The researchers reviewed evidence that suggests an association between Vitamin D deficiency and chronic diseases associated with aging such as cognitive decline, depression, osteoporosis, cardiovascular disease, high blood pressure, Type 2 diabetes and cancer.These findings were published in the Journal of Aging and Gerontology.

"Vitamin D deficiency is a common, serious medical condition that significantly affects the health and well-being of older adults," said one of the authors Sue Penckofer, professor at Loyola University Chicago Marcella Niehoff School of Nursing (MNSON).When the sun shines on our skin, the skin produces Vitamin D. A diet rich in Vitamin D or the intake of Vitamin D supplements can also cover our need to some extent.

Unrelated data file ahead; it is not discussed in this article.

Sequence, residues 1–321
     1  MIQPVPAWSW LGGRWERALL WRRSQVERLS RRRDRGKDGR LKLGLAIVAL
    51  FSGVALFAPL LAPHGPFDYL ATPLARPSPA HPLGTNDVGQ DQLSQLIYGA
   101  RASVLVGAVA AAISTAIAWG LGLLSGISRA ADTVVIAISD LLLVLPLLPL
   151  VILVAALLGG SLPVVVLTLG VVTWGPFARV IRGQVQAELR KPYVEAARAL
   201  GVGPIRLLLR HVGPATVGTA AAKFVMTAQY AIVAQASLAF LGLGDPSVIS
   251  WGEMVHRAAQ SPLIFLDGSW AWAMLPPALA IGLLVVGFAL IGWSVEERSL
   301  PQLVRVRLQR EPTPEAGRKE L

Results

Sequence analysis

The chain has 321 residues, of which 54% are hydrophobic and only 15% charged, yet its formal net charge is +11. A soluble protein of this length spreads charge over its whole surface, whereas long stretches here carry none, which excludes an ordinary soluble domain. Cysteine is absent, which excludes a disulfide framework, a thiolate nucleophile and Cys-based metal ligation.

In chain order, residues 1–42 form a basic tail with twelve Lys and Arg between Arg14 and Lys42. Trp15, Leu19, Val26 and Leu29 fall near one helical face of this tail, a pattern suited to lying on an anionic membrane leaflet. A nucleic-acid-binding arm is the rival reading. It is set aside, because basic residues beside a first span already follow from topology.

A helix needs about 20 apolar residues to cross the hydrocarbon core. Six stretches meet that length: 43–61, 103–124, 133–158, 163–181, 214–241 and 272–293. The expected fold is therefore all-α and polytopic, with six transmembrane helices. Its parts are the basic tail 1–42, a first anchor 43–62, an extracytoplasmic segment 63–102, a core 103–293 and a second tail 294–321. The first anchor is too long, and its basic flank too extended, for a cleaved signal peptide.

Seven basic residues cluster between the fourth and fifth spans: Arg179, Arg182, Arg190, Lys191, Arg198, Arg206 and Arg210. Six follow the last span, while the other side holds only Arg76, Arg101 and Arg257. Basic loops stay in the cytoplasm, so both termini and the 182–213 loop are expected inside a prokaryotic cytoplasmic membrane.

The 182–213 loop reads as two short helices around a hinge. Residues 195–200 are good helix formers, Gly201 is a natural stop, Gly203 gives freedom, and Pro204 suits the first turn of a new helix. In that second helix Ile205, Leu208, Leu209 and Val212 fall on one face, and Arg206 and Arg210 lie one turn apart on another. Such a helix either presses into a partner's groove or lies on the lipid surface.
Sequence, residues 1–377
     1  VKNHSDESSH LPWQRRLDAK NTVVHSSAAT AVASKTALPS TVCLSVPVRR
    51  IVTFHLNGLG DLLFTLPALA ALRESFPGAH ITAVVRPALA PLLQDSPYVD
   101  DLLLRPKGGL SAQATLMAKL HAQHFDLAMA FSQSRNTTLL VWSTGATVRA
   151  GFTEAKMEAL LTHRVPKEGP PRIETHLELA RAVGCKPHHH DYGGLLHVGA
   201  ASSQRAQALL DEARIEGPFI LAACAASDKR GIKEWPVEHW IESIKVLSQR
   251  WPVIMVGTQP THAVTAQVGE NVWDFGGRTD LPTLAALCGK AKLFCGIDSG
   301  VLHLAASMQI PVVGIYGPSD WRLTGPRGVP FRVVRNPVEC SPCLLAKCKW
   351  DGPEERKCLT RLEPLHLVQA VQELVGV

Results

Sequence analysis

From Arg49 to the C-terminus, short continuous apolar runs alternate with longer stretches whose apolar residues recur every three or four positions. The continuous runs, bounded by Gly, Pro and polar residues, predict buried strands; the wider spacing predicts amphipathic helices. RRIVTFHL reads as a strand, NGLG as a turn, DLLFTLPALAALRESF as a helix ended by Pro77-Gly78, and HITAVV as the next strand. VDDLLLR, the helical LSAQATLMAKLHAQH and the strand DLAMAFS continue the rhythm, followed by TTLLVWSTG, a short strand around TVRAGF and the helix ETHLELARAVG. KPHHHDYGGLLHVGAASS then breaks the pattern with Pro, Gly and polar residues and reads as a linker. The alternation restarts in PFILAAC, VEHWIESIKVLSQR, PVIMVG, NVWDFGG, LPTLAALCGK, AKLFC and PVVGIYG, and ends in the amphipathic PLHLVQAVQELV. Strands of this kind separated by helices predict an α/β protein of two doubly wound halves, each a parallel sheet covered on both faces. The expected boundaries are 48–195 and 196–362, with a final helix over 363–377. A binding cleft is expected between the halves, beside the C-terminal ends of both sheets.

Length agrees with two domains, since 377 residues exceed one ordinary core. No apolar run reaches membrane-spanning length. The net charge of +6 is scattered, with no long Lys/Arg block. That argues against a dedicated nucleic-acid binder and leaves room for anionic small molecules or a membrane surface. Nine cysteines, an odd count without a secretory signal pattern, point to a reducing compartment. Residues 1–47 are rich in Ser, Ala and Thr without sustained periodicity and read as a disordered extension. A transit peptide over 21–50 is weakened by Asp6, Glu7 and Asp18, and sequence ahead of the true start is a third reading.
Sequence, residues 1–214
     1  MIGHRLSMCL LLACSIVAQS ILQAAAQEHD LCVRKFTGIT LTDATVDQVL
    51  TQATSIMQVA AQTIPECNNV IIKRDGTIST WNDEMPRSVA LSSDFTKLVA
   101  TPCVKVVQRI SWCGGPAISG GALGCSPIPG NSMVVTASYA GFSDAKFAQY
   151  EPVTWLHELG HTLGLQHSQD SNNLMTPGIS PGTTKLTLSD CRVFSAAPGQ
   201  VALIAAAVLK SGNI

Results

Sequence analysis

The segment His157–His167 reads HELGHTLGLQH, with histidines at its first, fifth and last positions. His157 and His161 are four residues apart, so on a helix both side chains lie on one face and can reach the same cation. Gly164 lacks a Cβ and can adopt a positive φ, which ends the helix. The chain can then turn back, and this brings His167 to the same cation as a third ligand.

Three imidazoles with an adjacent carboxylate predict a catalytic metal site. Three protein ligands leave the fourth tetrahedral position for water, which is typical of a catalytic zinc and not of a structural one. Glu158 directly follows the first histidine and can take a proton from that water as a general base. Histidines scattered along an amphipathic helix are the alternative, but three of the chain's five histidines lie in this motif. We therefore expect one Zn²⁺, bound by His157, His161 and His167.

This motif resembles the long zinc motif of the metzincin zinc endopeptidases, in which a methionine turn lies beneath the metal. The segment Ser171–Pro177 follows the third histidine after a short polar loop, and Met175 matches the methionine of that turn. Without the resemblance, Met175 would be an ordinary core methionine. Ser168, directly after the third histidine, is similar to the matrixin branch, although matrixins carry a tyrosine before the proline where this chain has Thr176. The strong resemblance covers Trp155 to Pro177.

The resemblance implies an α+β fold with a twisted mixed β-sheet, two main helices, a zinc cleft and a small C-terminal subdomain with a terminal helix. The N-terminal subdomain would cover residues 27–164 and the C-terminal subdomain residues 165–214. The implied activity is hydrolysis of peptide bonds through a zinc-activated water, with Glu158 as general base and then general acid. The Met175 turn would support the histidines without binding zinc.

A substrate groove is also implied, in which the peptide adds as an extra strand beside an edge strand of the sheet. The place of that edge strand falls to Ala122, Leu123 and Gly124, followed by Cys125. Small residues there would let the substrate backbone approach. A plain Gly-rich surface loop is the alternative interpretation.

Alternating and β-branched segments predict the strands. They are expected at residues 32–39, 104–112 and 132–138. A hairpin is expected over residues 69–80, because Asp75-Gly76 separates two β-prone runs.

Older adults are at risk for Vitamin D deficiency due to diet, reduced time outdoors and poor skin absorption of the nutrient."Better understanding the relationship between Vitamin D and chronic diseases in older adults and whether treatment of Vitamin D deficiency can prevent or treat these disorders is important given the increasing number of people at risk for these health issues," researcher Meghan Meehan from MNSON said.

Latest News from Lifestyle News Desk